Editor’s note: This story first appeared as a newsletter alongside a roundup of Technical.ly’s best Delaware reporting from the week, job openings and more. Subscribe here to get updates on Delaware tech, business and innovation news in your inbox on Thursdays.
Are you ready for the return of the Ladybug Festival? After a two-year hiatus, Gable Music Ventures’s essential festival of woman-fronted musical acts takes place for the 10th time tomorrow, Friday May 20, in Downtown Wilmington.
The festival includes 41 acts from all ove — including the headliner, Nashville-based Cuban band Sweet Lizzy Project, and local acts like Sug Daniels, Lauren & the Homewreckers and Danni Peace — will take over the Lower Market Street area at ten venues, including the outdoor main stage on the 300 block of Market and Humble Park.
Gable, founded in 2011 by Gayle Dillman and Jeremy Hebbel, overcame the challenges of COVID shutdowns and a subsequent loss of sponsors to bring Ladybug back, with Chase as its primary sponsor.
“This event is really important for this whole area because it is bringing people that normally would never come,” Dillman told Technical.ly. “Having a vibrant creative economy is critical to having companies want to come in, because if you don’t have that, people don’t want to live here. We want to encourage people to come out and experience the city.”
In addition to the music, there will be a Wilmington Whiskey Club pop-up bar, about 50 vendors and five food trucks.
“Each one of those is a small business,” Dillman said. “And a lot of them are run by women. A lot of them are minority women. We are elevating everyone’s game by putting this event together and encouraging people to come out — and keeping it free so people can experience these vendors, the music and just be together, because what’s better than bonding over music?”
You can find everything you need to know, including the schedule, lineup, parking info, a Spotify playlist and info about Ladybug Milford, also returning in July, at theladybugfestival.com.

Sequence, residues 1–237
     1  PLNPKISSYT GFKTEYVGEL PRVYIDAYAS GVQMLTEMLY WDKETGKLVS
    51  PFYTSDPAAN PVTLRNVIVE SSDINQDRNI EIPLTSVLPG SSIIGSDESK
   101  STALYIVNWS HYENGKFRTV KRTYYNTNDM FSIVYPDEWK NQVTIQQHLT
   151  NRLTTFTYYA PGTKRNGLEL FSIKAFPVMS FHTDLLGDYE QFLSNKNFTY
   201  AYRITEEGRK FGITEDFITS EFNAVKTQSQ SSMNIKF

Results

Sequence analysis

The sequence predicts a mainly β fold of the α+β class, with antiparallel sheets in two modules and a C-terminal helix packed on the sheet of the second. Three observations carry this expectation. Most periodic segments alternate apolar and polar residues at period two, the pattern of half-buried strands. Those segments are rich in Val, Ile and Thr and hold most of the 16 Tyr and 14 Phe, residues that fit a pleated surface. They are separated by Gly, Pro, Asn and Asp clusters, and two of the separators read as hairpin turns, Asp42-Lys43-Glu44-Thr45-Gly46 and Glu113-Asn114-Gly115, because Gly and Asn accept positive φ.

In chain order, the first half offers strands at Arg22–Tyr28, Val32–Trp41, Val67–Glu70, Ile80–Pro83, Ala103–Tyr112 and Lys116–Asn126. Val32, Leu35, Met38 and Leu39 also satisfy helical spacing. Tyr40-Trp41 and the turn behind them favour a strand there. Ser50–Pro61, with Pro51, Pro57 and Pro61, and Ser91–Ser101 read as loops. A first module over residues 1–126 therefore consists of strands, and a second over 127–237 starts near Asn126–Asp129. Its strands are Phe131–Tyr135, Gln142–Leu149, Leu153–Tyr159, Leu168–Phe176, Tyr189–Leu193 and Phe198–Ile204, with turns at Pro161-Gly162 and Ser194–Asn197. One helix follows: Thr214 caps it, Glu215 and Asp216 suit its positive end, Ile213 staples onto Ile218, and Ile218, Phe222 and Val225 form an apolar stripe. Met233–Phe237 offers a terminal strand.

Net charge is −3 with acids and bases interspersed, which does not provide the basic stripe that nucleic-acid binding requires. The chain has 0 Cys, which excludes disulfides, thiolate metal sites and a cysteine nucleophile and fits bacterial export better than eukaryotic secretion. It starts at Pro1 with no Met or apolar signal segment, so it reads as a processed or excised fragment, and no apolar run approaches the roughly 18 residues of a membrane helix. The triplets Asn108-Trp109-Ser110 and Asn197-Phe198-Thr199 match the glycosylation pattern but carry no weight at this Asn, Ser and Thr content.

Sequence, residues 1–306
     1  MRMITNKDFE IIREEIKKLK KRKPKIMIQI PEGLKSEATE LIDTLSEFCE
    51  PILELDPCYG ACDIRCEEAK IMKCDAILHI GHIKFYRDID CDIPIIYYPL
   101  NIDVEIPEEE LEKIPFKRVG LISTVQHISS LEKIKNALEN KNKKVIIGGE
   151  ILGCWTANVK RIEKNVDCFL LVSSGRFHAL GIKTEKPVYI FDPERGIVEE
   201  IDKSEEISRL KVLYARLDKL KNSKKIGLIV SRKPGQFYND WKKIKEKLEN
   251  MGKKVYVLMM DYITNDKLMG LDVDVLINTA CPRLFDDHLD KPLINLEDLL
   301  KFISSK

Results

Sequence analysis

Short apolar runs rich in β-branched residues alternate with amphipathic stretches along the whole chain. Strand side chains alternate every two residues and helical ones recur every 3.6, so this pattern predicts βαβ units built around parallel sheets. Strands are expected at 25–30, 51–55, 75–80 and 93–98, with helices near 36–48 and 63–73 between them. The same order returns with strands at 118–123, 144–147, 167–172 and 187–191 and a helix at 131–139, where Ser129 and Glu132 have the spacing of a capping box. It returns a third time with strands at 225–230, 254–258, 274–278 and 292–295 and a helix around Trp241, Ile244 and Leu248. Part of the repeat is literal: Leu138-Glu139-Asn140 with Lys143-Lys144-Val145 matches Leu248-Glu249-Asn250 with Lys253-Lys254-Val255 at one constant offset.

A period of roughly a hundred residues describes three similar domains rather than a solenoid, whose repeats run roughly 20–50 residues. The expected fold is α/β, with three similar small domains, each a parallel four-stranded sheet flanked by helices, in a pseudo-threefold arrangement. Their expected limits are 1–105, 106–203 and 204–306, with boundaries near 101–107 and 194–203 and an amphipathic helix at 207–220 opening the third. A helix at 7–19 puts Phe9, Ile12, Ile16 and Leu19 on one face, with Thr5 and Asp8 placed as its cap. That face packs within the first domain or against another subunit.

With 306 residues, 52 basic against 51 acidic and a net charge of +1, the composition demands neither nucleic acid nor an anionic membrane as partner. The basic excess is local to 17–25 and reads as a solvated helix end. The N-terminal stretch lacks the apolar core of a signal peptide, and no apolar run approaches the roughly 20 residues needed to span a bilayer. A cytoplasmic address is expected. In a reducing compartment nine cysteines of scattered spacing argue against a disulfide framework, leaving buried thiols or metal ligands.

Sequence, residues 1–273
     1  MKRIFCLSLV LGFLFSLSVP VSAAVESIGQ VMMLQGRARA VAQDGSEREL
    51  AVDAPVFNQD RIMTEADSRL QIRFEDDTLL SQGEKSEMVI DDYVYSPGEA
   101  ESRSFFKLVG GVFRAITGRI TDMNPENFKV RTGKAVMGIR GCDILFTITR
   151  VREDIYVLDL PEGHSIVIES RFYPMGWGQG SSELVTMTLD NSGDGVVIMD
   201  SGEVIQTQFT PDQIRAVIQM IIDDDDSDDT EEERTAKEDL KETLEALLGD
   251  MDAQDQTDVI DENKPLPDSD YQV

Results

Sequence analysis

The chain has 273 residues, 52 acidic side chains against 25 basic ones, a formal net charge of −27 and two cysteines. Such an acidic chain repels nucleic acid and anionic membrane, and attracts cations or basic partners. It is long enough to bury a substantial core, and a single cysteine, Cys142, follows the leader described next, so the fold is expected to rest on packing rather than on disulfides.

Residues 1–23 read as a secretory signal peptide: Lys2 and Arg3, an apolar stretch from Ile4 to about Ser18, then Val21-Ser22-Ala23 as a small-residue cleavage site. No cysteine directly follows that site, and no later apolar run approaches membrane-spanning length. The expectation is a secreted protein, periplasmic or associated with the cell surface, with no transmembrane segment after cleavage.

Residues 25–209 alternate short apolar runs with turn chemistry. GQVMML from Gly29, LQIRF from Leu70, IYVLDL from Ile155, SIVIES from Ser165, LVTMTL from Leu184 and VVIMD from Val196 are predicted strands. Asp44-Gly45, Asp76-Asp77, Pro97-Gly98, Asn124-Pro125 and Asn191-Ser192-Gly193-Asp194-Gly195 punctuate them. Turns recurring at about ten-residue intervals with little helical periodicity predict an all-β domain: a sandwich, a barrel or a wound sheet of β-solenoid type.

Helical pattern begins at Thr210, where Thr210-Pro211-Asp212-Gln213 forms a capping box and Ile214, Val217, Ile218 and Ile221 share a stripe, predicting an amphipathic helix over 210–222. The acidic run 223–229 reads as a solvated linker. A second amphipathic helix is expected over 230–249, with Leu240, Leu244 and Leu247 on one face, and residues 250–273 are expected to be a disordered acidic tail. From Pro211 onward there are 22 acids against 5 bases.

What else happened in Delaware this week?
Claymont High School, now Claymont Community Center, became an integrated school two years before the passage of Brown v. Board of Education in 1952. It is now officially a National Parks Service (NPS) landmark. This week, Allison David, Claymont Community Center CEO, and Joan Anderson, one of the Claymont Twelve, traveled to the White House to watch President Joe Biden sign the Brown v. Board of Education National Historic Site Expansion Act. Two historically segregated Black schools, Howard High School (now Howard High School of Technology) and Hockessin Colored School #107 (now a center for diversity, inclusion and social equity represented at the signing by former #107 student James “Sonny” Knott), were also named NPS landmarks. The three landmarks are now eligible for federal technical and financial assistance.
“We have been working with the National Trust for Historic Preservation, along with many other people and organizations, for more than three years on this project,” said David. “While there is so much divisiveness in our society today, I believe in my heart that finding common ground and working together are always possible.”
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Upcoming Delaware happenings:
- The Wilmington Kitchen Collective for local food entrepreneurs, a collaboration from Riverfront Ministries and Wilmington Alliance in partnership with Grace Church, had the official Grand Opening of its commercial kitchen facilities today, after an eight-month delay due to supply chain issues.
- Code Differently, in collaboration with JPMorgan Chase, will hold its first Code Differently 2022 Technology Intern Signing Day on May 25 at the Chase Field House in Wilmington. Modeled after athletic signing days, 29 youth will sign employment letters of intent and make their commitment to work for JPMorgan Chase’s Software Engineering Internship for the summer.
- The University of Delaware is one of seven colleges participating in the VentureOn 2022 program. Check out the pitches and vote by May 20.
- The University of Delaware’s Horn Entrepreneurship announced its eight 2022 Entrepreneurship award winners.
- Delaware Foundation for Science and Mathematics Education announced this year’s Seed Grants Awardees:
- Delaware Council of Teachers of Mathematics, Delaware Mathematics Coalition and TECH Impact; Investigations in Data Science
- Judson Wagner and Michelle Kutch on behalf of Brandywine School District; Growth and Sustainability for New PECS (Physics, Engineering and Computer Science) Summer Camp for Girls
- Melissa Tracy on behalf of Odyssey Charter School; The Future of Food
- Delaware Mathematics Coalition, Delaware District and Charter Schools and UD Center for Secondary Education; Building a Stronger and More Inclusive Pathway to Mathematics Education: A Pilot Study